What does a G rating really mean?

Filed under: Development/Milestones: Babies, Media, That's Entertainment

Reader Stephanie wrote to ask about movie ratings, specifically the G rating given to Ratatouille, the latest animated film from Pixar. She writes:
We took our young son to see Ratatouille this weekend. Most of the content was ok, except a scene in the beginning where a woman starts shooting at a colony of rats. She even needs to stop to reload. My son is now obsessed with "shooting." He has turned about four different objects into a gun. I have tried to explain how we do not play guns in our house, but he doesn't seem to understand. I am at a loss for what to do! I want to know how the movie industry can rate a movie featuring guns be rated G?

The movie ratings are assigned by the Classification and Rating Administration (CARA) which is a ten to thirteen member board comprised of parents. According to the Motion Picture Association of America (MPAA), which operates the ratings system, "there are no special qualifications for Board membership, except that the members must have a shared parenthood experience, must be possessed of an intelligent maturity, and most of all, have the capacity to put themselves in the role of most American parents so they can view a film and apply a rating that most parents would find suitable and helpful in aiding their decisions about their children and what movies they see."

The key point there, for the purpose of this discussion, is that they are trying to assign a rating that "most parents would find suitable and helpful." Unfortunately, it seems that most parents in this country would have no problem letting a very young child watch a woman blow away rats with a shotgun. I think Stephanie is not "most parents", nor am I -- I knew from the trailers that my kids won't be seeing that movie for a long time, and I'm not particularly happy that every time we put in the Cars DVD, the kids have to watch trailer for it.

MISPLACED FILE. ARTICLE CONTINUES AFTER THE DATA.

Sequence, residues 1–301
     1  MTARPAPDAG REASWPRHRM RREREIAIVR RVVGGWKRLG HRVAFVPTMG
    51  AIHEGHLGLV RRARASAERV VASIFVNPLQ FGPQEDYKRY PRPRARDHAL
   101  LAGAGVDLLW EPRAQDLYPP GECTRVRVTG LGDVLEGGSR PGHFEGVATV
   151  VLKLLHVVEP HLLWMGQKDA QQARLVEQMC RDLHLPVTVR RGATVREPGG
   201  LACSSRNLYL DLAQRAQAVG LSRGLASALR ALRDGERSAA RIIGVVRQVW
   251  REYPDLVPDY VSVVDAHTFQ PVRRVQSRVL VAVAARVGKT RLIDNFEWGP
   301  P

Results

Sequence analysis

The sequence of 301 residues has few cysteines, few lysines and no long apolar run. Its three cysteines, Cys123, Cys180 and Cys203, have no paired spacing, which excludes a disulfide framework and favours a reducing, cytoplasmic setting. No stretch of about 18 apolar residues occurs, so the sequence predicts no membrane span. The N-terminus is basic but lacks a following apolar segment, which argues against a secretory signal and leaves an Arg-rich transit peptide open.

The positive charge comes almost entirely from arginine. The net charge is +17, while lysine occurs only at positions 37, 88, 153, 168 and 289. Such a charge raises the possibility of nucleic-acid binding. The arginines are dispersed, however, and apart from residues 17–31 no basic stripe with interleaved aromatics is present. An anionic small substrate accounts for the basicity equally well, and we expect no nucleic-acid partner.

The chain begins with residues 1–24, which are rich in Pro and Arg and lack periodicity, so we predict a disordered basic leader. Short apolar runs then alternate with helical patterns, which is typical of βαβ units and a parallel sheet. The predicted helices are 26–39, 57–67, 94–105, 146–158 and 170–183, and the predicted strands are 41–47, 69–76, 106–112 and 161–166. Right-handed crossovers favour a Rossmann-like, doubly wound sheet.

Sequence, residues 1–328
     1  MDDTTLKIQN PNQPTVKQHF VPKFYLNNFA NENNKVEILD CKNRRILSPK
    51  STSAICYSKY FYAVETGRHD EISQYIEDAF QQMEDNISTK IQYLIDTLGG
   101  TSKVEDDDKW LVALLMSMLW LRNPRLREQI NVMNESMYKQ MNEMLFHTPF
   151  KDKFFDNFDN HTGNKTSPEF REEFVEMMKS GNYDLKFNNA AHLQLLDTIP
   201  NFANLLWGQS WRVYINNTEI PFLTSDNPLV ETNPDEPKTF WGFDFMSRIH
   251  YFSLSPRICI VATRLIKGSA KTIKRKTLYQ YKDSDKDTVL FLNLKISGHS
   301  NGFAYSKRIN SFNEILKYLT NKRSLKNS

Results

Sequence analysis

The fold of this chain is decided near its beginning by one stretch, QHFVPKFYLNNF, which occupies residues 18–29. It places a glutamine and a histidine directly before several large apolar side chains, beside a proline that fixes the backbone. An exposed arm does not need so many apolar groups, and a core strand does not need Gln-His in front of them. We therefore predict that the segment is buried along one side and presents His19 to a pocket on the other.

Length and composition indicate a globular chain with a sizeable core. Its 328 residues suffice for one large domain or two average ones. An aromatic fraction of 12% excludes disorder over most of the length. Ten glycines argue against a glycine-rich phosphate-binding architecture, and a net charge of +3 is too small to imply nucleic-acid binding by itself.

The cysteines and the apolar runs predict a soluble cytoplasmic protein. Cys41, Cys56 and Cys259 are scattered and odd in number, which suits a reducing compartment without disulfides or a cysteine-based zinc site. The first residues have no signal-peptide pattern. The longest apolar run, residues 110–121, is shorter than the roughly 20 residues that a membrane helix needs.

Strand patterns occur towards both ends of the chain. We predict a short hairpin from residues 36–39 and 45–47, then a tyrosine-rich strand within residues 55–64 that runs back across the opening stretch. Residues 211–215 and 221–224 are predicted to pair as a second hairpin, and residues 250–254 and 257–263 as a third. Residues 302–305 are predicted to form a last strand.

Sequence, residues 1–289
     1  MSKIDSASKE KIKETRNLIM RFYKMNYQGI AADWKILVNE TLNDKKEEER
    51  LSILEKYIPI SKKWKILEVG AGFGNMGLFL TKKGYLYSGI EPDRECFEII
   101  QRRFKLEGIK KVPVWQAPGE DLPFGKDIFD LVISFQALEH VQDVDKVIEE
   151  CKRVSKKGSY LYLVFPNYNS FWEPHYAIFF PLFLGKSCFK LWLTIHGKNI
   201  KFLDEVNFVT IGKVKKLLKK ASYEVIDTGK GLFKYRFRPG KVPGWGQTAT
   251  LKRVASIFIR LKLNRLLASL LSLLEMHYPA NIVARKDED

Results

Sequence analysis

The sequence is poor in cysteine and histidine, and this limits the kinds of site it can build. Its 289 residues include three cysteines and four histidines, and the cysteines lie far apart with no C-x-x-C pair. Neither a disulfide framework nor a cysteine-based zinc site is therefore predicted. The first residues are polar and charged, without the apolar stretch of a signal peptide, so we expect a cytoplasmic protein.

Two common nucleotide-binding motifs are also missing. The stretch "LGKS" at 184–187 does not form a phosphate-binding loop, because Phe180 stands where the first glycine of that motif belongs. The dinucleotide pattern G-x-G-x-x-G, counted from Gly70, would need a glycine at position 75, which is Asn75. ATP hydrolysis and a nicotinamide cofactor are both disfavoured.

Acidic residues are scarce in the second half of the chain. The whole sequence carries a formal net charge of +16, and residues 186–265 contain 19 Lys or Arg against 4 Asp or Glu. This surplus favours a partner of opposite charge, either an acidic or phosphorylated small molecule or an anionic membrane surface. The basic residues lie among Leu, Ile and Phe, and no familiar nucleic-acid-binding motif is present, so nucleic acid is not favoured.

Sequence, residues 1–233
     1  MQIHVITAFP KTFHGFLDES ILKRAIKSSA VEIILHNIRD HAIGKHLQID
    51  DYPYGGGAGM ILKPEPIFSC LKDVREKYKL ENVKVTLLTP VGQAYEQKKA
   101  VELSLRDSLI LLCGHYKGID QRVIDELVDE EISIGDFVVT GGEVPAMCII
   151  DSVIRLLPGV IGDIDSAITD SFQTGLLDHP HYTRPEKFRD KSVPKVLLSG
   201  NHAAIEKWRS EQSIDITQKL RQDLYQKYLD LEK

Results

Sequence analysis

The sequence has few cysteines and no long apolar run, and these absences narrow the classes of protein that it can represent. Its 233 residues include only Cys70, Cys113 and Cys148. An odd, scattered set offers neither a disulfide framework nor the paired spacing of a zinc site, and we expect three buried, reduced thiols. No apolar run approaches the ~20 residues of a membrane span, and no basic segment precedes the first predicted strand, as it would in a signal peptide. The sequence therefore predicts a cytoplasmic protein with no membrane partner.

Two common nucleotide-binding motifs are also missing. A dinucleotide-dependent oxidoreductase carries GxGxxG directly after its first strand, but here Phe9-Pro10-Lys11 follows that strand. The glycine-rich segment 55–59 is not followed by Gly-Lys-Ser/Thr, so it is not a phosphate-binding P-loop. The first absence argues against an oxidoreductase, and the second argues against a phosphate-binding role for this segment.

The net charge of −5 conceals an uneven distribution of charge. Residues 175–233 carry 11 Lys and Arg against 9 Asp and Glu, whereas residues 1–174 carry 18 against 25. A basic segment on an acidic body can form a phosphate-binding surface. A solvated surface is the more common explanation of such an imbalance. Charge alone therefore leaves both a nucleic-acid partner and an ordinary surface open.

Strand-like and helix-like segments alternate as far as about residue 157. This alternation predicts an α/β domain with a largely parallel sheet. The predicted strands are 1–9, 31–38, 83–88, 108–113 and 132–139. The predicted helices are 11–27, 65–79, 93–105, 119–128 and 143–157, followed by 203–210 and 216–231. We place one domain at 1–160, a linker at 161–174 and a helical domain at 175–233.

According to the MPAA, polls consistently show that parents like and appreciate the ratings system. In fact, the latest poll shows that "78% of parents with children under 13 found the ratings to be "very useful" to "fairly useful" in helping them make decisions about what movies their children see."

When assigning a rating, the CARA board considers a lot of different factors, including sex, violence, nudity, language, adult topics and drug use. I'm guessing the board did not feel there was enough violence to warrant a PG rating. Unfortunately, the ratings system, consisting of G, PG, PG-13, R, and NC-17, isn't really detailed enough to allow parents who actually care about what their kids see and who tend toward the more conservative end of the spectrum to really get a handle on whether or not a movie is appropriate.

There is help, of course, this being the internet and all. Kids-in-Mind is a website that offers an alternative to the MPAA ratings. Instead of a single rating, the site offers "objective ratings for sex/nudity, violence/gore & profanity on a scale of 0 to 10." There are also detailed explanations of why the movie got the scores it did in each category. If that's not enough, the site lists "instances of substance use, a list of discussion topics that may elicit questions from kids and messages the film conveys."

Their analysis of Ratatouille notes quite a few more instances of violence in the movie than did Stephanie. Many of them may not be an issue for most parents, but it's nice, as a parent, to be able to decide that for oneself, rather than relying on an imprecise one-size-fits-all rating from the MPAA.

What do you think? Have you taken your kids to a movie (or even gone yourself) and then found that the rating didn't really match the content in your opinion?

ReaderComments (Page 1 of 1)


Flickr RSS



AdviceMama Says:
Start by teaching him that it is safe to do so.